Whether you are at a formal function or an informal gathering you will be called upon to make conversation with others. Mastering this skill - either one-on-one or conversations in small groups - is thus an important life skill as it will give you the confidence you need to handle both business and social events.
This practical course covers the fundamentals of conversation such as how to start a conversation with someone you don’t know; effective introductions to ease the way for others; how to be interesting rather than boring and how to include everyone in the conversation. We also touch on non-verbal (body) language.
How often have you wished you could really help someone in crisis, instead of offering well-meant, but ultimately useless advice? With a little basic training, you can learn to listen, provide support and offer real guidance to people in need.
Whether you apply the skills learnt in your home community, at work, through your church or simply within your social circle, you can offer a valuable, supportive service that makes a positive contribution towards helping individuals overcome emotional hardship and issues.
This course will equip you with the skills you need to help make a difference in people’s lives.
Presence is that enigmatic, “can’t-quite-put-my-finger-on-it” quality that some people simply have. They walk into a room and immediately command attention – without saying anything!
Presence is made up of a number of things – the most important of which is confidence. The funny thing about confidence is that, even if you don’t feel it, you can pretend to feel it, and by pretending to feel confident, you actually start to feel confident. I call this “fake it ‘til you make it!” And the best way to fake it is with your non-verbal behaviour - how you use your voice and your body language.
Anyone can learn to use both their verbal and non-verbal language to cultivate presence and appear confident. This course will show you how.
Our ability to talk is one of the things that makes us unique as a species, and most people say their first words when they are barely a year old. Why then, when talking is something we’ve been doing since infancy, do we so often fail to communicate effectively as adults?
The truth is, while talking may come naturally, actual communication is a skill which we need to learn in order to do it properly.
Conflict in itself is not bad. Knowing how to deal with it, is what counts. If we know how to cope with conflict, we will learn to be less fearful of it, and so not try to avoid it. This creates healthier, more harmonious relationships.
This course teaches you the fundamental skills and attitudes you need to deal with conflict and understand that, contrary to popular belief, dealing with disagreement or conflict is far more important to a relationship than not having disagreement or conflict at all.
Think of the last time you were criticised … you may have done many things well, but the criticiser chose to pick on the one area where you made a mistake, ignoring your good actions or behaviour. This is upsetting, difficult to hear and hard to act upon. How often have you been the one that gives that sort of criticism? The one who breaks down, instead of builds up.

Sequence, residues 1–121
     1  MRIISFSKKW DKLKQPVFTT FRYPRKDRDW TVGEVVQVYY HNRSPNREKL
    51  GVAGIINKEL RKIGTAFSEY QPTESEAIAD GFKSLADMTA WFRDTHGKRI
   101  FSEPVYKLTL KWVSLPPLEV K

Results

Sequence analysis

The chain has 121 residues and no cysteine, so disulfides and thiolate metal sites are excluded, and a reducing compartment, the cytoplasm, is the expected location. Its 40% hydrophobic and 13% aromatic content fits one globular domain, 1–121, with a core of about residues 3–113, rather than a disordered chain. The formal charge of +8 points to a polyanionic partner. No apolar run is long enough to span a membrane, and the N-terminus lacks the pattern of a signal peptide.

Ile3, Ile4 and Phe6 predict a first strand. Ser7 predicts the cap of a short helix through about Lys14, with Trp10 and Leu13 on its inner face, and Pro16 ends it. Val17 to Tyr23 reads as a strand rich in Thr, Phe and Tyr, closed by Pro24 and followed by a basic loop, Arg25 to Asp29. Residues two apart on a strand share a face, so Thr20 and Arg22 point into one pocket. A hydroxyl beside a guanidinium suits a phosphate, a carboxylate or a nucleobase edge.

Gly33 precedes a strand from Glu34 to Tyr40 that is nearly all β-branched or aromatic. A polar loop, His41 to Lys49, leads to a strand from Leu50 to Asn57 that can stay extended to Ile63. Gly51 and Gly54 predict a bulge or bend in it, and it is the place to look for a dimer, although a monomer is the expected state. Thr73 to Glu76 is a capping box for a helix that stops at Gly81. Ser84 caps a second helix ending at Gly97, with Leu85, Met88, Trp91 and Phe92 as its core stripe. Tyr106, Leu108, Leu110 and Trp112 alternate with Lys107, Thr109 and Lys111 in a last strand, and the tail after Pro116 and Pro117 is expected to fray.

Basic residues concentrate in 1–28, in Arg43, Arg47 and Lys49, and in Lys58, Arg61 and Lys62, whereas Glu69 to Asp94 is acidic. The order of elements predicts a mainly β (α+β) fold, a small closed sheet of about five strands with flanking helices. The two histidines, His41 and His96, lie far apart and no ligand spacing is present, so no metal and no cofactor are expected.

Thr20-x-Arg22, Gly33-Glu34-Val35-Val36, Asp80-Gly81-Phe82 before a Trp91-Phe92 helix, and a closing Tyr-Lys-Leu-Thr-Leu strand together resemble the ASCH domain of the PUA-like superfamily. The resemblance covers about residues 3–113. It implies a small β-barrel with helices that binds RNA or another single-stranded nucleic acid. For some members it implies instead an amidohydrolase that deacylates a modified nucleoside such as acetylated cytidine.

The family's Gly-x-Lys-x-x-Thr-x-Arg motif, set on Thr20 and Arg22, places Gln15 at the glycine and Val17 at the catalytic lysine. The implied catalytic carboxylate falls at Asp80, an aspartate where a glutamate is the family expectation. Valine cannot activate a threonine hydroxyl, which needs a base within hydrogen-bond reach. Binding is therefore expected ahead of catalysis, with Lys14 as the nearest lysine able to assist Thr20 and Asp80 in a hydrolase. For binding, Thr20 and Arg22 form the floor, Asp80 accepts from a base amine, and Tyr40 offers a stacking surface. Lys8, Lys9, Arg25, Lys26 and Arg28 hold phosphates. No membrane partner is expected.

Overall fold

This course explains the difference between negative and positive criticism and provides guidelines for giving and receiving constructive feedback so that you can build relationships - and in the workplace, increase productivity.
Many people suppress their own feelings, needs and wants because they’re not sure how to go about expressing them without upsetting others. Some people express them too forcefully. The outcome in both cases is always unsatisfactory to one, if not both, parties.
It is possible to ask for what you want, let people know how you feel, and say no if necessary without being pushy or aggressive. The key is learning to be assertive.
Assertive people communicate in a way that is clear, open and respectful of other people, ensuring they enjoy healthy, positive relationships - both at work and at home.
This course teaches you the fundamental skills and attitudes you need to enjoy the many benefits of being more assertive.
Some people define diplomacy as the ability to tell someone to go to hell in such a way that they look forward to the trip. I don’t call this being diplomatic - I call it being assertive!
Whether you are dealing with patients, clients or colleagues, HOW you communicate ultimately determines whether your relationship is clear, open and honest - or fraught with tension, misunderstanding and arguments.
In this talk I explain what it means to communicate assertively, why this is beneficial and how to achieve this kind of relationship with your patients, clients and colleagues.
It can be difficult, when asked to give feedback, to know how to be constructive and honest without leaving the other person feeling demoralised. Some people build others up with positive feedback, while some break them down with destructive criticism. What do you do?
Knowing how to give feedback that is motivating and inspiring is critical if we want to develop children and adults who have high self–esteem, and will realise their full potential. It is important to learn how to give (and receive) feedback in a way that is positive, and which leaves both parties feeling good about themselves, and clear on where they stand.
Learning how to converse well and easily with others gives people more confidence when handling both business and social events. Mastering this skill - either one-on-one or conversations in small groups - is thus an important life skill.
In this talk, I cover the fundamentals of what it really means to be a good conversationalist, how to make effective introductions in order to ease the way for others, and (for emergencies) how to escape from the boring individual who insists on dominating your attention. We also touch on non-verbal (body) language.